It's been a tough winter for snow lovers.
An unusually warm winter has resulted in very little snowfall in Haverhill and the rest of New England. But for those looking for their fix of the wintry mix, the city's lone ski complex is ready.
After a delayed opening to the season, Ski Bradford on South Cross Street is up and running. The snow on the slopes is mostly man-made, but still feasible to ski on.
One of the biggest problems for Ski Bradford hasn't been the lack of snow on the ground, but the abnormally warm conditions. One day in early January, the weather approached 60 degrees. The warmth makes it difficult for workers there to be able to make snow.
"We've only had a few nights recently where we've been able to actually make snow," said Ski Bradford owner Neil Sawyer before the recent low temperatures of the past week.
The temperature must be less than 28 degrees for the snow machines to function properly. When the weather cooperates, Sawyer and his crew make snow at night and then spray it all over the hill so skiers can have a fresh batch of snow by the morning.
"We're basically snow farmers," Sawyer said. "The colder it gets, the more we are able to make."
Snow can be made at 28 degrees, but that is not the best condition. Sawyer said the most preferable temperature is about 15 degrees. Through the first week of January, the temperature rarely dipped below 20 degrees, causing Ski Bradford to have to make snow at a warmer temperature than the crew would like.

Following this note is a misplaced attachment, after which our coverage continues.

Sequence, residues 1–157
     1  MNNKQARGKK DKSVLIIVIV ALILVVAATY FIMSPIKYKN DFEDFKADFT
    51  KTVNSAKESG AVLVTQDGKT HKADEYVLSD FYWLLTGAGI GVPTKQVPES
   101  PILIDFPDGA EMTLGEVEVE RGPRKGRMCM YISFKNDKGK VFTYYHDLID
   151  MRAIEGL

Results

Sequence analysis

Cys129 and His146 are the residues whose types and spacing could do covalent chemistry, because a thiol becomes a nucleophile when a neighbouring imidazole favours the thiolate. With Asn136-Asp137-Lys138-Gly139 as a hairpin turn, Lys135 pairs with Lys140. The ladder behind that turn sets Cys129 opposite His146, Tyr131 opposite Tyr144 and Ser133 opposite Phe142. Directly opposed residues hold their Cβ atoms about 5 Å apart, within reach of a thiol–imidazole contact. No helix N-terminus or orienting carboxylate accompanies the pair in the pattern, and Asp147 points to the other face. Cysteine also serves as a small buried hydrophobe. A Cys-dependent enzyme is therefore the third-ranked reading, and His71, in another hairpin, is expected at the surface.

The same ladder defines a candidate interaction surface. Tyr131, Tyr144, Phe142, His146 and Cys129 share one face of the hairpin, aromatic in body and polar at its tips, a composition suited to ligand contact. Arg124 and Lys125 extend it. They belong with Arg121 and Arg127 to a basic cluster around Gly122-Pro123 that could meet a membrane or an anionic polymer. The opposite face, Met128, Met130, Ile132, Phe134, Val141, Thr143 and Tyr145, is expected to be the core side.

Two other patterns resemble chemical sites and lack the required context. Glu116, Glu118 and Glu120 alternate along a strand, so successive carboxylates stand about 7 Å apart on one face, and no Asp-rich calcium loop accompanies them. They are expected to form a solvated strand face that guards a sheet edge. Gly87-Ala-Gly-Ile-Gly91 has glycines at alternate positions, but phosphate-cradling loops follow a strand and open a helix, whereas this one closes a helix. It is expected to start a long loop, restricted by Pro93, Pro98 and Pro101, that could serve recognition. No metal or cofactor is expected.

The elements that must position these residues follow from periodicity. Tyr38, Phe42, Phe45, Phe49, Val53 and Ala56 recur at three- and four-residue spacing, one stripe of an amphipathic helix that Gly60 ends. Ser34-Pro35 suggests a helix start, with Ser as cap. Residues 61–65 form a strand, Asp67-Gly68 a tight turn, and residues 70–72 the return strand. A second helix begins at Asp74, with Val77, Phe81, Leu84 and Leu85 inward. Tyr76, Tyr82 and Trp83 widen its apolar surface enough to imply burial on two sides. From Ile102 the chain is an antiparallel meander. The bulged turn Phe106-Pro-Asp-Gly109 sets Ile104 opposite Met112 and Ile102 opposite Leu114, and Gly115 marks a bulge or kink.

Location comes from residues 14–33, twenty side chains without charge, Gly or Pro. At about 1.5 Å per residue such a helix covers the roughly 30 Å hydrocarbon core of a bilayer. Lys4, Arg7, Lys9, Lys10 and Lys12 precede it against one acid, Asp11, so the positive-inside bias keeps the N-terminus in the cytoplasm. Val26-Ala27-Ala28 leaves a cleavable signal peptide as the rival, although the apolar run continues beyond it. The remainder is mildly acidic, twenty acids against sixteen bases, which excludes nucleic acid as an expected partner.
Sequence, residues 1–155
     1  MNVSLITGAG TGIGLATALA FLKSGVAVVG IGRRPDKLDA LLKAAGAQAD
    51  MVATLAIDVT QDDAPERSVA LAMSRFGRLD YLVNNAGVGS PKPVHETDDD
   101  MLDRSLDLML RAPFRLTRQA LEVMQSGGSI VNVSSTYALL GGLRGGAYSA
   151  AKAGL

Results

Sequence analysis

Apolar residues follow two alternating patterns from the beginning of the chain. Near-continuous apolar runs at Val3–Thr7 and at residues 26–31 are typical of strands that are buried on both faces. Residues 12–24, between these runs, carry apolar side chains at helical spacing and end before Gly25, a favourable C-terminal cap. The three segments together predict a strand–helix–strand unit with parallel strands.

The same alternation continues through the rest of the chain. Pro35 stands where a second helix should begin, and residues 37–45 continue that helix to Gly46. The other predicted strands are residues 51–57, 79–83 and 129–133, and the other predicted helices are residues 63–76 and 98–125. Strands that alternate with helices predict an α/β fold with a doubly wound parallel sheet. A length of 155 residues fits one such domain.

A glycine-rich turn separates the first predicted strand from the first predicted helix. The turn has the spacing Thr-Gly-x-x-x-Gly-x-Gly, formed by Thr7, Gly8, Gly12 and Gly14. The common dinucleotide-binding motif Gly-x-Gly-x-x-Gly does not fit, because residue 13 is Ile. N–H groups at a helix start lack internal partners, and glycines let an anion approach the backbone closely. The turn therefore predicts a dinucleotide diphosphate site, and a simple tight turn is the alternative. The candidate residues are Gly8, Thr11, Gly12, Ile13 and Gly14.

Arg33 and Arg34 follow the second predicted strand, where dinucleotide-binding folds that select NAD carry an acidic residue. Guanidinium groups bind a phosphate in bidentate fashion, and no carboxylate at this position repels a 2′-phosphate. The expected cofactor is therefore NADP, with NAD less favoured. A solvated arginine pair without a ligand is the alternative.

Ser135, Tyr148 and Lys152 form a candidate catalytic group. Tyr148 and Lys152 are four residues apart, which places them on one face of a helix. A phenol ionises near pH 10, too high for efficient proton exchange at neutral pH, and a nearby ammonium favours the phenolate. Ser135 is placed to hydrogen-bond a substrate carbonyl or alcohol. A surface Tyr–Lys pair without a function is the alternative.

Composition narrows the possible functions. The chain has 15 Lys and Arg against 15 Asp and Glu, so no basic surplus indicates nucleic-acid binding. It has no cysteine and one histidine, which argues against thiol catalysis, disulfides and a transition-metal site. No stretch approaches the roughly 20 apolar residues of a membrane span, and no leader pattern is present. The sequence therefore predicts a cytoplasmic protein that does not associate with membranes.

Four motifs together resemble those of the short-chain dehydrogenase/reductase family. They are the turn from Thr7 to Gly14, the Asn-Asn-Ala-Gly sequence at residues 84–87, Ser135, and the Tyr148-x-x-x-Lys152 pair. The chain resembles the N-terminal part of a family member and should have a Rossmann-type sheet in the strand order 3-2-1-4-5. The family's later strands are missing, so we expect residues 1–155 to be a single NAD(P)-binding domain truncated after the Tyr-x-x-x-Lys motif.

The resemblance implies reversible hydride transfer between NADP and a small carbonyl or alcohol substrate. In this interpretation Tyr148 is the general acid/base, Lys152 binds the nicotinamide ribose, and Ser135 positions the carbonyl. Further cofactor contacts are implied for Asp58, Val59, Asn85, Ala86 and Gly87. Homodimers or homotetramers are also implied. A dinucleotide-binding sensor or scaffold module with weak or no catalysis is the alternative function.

Ski Bradford has had trouble getting people's minds on snow. When the weather is warm and pleasant, snow is typically the last thing on the casual skier's mind. The majority of skiers there have been high school ski teams practicing after school on weekdays. Sawyer estimates that while in the morning the slopes are quiet, more than 1,200 young people visit Ski Bradford later during a regular school day.
"When people don't see any ski in their back yards, they don't have their mind set on skiing," he said. "Once the first big snowfall of the season comes, then I expect more people to come."
The warm weather forced Ski Bradford to open on Dec. 17, which is 10 days later than normal. As a result, the number of customers has been down from previous winters. The school vacation week in December, which is normally a cash cow, had fewer skiers than prior years.
The Haverhill High School ski team also got off to a late start. The team had to do mostly dry land practices for much of December and was not able to get on the slopes until after the Christmas holiday. The girls have had two races, while the boys have only had one because of the warm weather.
"It's been a down winter," said Haverhill High head coach Ryan Scanlon. " Ski Bradford has been good at making enough snow. Hopefully we get a big snow storm and the snow and season will extend to April.''
Scanlon said man-made snow is a lot more difficult to ski on than natural snow. Man-made snow often leads to the surface being more icy and slippery, making it harder for skiers to turn and maintain control. The man-made snow is denser however, so it can withstand rain and warm temperatures much better than natural snow can.
The slow start to this season is not the worst year that Ski Bradford has ever had, but it has been a slower start than in recent years. Last year, record snowfalls hit Bradford early and often during one of the snowiest winters Massachusetts has seen.
"It's always going to affect the bottom line," Sawyer said. "If you're into skiing, then you know that people make snow. If you're a learner or thinking about it for the first time, then you're not thinking about skiing. There are too many other things to do because the ground is bare."
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